Ken Dychtwald first appeared on the gerontology scene in 1973, and since then had consistently told the same story: we are a changing society and the boomer generation, those born between 1946 and 1964, have changed society and will continue to change it as we age. Dychtwald spoke at the general session of the 30th annual National Association for Home Care & Hospice meeting yesterday, and, once again repeated, reinforced and emphasized what the aging of our society means. He said that we have created a health care system that was not designed to work, and that throwing more money at it is not the answer.
Dychtwald says that 1) we are in a longevity revolution. Take a look at these two charts if you do not believe that one. Two thirds of all the people who have lived past 65 are alive right now. Think about that. The first chart shows the life expectancy at birth for the last 1000 years. Hard to read photo, but you can see the trends.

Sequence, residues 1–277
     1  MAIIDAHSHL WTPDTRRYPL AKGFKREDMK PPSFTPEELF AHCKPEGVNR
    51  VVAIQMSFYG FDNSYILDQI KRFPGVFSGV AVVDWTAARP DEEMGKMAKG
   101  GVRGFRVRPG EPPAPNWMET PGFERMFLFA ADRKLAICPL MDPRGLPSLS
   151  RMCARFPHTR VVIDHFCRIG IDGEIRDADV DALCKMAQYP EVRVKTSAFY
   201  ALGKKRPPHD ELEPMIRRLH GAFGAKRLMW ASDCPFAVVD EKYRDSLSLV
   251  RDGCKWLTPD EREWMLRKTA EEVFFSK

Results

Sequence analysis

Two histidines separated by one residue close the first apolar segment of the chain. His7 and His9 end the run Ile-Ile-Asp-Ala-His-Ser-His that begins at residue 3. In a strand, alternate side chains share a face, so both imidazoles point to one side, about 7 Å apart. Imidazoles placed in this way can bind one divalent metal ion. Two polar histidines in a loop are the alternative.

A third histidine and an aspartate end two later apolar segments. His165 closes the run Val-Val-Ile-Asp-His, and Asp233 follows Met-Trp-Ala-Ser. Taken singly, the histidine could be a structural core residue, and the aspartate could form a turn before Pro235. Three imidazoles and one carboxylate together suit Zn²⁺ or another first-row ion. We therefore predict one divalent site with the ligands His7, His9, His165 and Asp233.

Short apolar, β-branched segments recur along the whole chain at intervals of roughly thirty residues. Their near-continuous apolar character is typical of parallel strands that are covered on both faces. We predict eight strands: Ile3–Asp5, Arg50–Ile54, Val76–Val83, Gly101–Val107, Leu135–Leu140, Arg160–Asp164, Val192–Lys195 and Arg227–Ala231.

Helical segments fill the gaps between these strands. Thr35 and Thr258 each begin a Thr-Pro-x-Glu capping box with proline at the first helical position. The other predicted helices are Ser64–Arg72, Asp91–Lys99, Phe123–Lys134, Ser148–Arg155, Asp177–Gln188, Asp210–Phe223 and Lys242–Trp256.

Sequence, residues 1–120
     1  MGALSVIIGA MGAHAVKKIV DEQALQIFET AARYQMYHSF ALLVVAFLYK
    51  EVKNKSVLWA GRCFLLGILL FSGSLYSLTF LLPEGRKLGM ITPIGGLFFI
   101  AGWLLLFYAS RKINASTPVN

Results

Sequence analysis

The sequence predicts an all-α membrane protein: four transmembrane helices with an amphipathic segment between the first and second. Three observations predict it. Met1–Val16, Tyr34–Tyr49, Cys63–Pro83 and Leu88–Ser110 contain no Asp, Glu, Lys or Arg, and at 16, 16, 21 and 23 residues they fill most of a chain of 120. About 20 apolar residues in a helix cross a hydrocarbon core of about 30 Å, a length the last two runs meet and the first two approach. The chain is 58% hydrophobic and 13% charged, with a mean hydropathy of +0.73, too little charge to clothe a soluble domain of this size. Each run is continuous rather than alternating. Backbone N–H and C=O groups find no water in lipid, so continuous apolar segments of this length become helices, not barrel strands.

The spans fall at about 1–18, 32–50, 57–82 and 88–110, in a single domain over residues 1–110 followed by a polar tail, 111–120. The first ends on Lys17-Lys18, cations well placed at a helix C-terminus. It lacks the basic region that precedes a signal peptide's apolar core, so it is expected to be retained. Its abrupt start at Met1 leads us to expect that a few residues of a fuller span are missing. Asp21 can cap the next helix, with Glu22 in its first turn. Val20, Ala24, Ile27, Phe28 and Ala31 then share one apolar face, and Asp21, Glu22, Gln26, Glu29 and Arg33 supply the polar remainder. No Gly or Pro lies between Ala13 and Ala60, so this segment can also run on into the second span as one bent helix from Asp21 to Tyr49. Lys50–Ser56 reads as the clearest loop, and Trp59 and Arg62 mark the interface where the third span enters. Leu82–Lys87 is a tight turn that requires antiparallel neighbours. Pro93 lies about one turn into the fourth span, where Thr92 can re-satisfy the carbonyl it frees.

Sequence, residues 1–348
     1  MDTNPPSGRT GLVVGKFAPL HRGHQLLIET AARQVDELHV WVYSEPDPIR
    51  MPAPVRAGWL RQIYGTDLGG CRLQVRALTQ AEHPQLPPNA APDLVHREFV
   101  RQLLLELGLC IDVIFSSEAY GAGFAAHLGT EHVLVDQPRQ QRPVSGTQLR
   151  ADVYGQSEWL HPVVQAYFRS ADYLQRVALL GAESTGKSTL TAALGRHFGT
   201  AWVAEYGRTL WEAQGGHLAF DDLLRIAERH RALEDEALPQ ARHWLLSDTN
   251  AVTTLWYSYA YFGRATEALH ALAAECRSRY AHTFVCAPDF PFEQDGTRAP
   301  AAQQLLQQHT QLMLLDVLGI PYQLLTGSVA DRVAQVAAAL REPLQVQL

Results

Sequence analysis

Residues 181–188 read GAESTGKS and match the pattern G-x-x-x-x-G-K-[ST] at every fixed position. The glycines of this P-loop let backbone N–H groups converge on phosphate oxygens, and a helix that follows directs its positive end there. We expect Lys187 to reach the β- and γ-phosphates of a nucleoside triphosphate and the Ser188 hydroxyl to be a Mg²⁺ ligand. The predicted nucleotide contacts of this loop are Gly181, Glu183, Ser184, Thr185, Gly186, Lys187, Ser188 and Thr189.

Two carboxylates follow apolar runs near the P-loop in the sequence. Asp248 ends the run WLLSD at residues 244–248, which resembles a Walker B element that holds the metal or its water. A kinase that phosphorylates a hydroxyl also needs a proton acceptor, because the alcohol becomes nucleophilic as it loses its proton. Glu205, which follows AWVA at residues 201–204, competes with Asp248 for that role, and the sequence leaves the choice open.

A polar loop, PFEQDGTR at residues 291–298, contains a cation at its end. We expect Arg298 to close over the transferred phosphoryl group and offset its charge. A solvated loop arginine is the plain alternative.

Now take a look at THIS photo which is of the chart of the life expectancy at birth for the last 100,000 years. WOW.
His other points are that we are experiencing massive population shifts, that the boomers are a “new old” and will be more demanding and questioning than the current old people, that we will have a caregiving crunch as the boomers age and that we need to chart a path towards healthy aging.
Solutions? Dychtwald suggested that we steer science in a new direction, one that would solve the chronic issues of again, specifically Alzheimer’s. Since 47% of those people over 85 have a dementia. And, look around, that means if it is not me then it is you. He says we need to champion and motivate a healthier society. We need to prepare medical practices for the demanding and soon to be ailing age wave. We need to better understand and offer palliative care when appropriate. And we need to guide public policy toward a healthy aging.
His parting words? “Demography is destiny.”